In a bid to finance its expansion programme, the Water Utilities Corporation (WUC) sounded warning bells to the markets Friday about its intentions to raise P 400 million through the issuance of a bond in the coming year.
The company said it had appointed Barclays Bank of Botswana as its advisors to raise P 400 million.
“It is anticipated that the bond will be issued during the course of 2007 and will be used to fund the corporation’s expansion plans,” the WUC said without details.
Attempts by The Sunday Standard to get details on the bond pricing were unsuccessful, as Barclays Bank’s head of Corporate Affairs, Batho Motubudi, could not give more details except to say more details would be made available “in a short period of time.”
“I think more details would be released at the beginning of the year,” he said.
However, according to the WUC website “the demand for water is expected to rise over the years” and the corporation is under pressure to meet the increasing demand, especially in peri-urban areas.
“The rapid growth of the Corporation supply areas and the increasing demand for water has reached a point where supply from local resources are no longer adequate,” said the WUC in the website. “The corporation is continuously undergoing change in its effort to respond to and meet the challenges of an increased responsibility in water supply.”
Some of the major developments that are envisaged include the development of the North/South Carrier Water Project by expanding the treatment at Shashe Dam and the development of the Dikgathong Dam in the Bobirwa area. The move will increase the number of dams to six.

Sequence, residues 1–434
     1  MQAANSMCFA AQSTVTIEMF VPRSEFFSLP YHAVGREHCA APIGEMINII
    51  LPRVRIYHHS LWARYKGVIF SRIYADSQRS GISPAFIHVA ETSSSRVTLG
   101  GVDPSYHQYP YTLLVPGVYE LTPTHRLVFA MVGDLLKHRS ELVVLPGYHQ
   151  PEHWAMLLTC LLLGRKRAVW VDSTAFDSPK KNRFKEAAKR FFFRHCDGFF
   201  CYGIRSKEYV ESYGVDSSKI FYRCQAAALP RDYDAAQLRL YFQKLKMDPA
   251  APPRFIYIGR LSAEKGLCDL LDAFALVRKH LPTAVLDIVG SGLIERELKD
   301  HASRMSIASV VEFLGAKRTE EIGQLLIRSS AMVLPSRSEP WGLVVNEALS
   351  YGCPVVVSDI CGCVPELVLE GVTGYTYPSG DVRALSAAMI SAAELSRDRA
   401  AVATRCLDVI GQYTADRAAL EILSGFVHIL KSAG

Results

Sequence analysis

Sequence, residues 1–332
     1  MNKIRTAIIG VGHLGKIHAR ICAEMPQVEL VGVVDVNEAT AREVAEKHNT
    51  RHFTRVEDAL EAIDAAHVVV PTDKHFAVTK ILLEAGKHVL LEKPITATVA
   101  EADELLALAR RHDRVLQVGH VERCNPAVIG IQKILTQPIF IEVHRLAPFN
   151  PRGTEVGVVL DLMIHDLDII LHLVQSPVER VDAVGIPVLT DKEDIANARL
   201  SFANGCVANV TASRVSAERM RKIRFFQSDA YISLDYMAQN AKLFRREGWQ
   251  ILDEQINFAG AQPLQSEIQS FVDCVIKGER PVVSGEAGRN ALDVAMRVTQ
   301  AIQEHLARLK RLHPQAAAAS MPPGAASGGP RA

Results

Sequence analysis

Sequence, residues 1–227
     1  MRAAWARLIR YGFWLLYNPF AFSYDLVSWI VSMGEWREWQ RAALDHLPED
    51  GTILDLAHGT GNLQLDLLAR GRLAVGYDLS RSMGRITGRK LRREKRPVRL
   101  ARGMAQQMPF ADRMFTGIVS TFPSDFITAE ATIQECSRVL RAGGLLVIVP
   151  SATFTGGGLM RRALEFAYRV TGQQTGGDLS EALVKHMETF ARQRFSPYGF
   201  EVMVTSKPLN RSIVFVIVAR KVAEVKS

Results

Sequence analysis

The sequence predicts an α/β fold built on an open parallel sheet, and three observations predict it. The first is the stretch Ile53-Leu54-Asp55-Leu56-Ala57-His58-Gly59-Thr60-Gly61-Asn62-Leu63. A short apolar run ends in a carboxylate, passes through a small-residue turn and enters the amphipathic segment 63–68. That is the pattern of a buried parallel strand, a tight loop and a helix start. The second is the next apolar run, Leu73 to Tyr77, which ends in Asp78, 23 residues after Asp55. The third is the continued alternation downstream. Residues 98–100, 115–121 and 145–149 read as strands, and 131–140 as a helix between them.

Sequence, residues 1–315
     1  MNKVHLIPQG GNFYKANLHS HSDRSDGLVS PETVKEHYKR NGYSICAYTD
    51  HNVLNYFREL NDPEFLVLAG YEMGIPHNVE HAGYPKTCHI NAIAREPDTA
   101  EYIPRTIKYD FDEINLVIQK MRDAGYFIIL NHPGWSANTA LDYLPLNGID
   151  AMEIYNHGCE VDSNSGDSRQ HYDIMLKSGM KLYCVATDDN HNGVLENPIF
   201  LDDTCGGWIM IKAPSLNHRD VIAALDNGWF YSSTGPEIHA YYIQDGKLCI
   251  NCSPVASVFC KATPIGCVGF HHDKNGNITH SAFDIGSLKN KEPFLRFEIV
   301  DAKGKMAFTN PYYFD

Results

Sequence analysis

The already existing dams are the Gaborone Dam, which has a capacity of 141.4 mm3, the Booka Dam with a capacity of 18.5mm3, the Notwane Dam with a capacity of 2.2mm3, the Shashe Dam with a capacity of 85mm3 and the Letsibogo Dam with 100 mm3.
It further warned that the developments at the BCL Mine are likely to result in an upsurge in water demand in Selebi-Phikwe and its new strategy of supplying water in undesignated areas with a view of increasing customer base will have an impact on its future expenses.
“Other issues including tie land servicing programme and implementation of Selebi-Phikwe Development Plan Programme have become a pre-requisite to qualify for funding by key financial institutions.
“The increase in the number of applications for water connection by individuals in non-designated areas poses a serious challenge for the corporation. A policy and procedure statement has been developed by the corporation in an attempt to address this matter. The corporation will adopt a policy of supplying water to areas outside its statutory area of supply so as to advance its social responsibility and expansion of customer base,” WUC said.
Analysts praised WUC’s move on Friday, saying that its decision signals a new development aimed at helping to develop capital markets and a shift from being over reliant on government funding.
“Our view is that WUC is now looking to the market to raise money and that will assist in the development of the capital markets. And it also lifts the burden from government,” a chartered financial analyst at Allan Gray, Tapologo Motshubi said.
His views were shared by Leutlwetse Tumelo of Capital Securities.
“I think they are trying to develop the North/South water carrier and it is good that they are looking at the private sector to raise funds,” said Tumelo.
“It is a good thing that they are looking at the capital market to meet their long term funding requirement. That will help to deepen the market and the other thing in their favour is that there is a great appetite for bonds and all those which are listed were over subscribed.”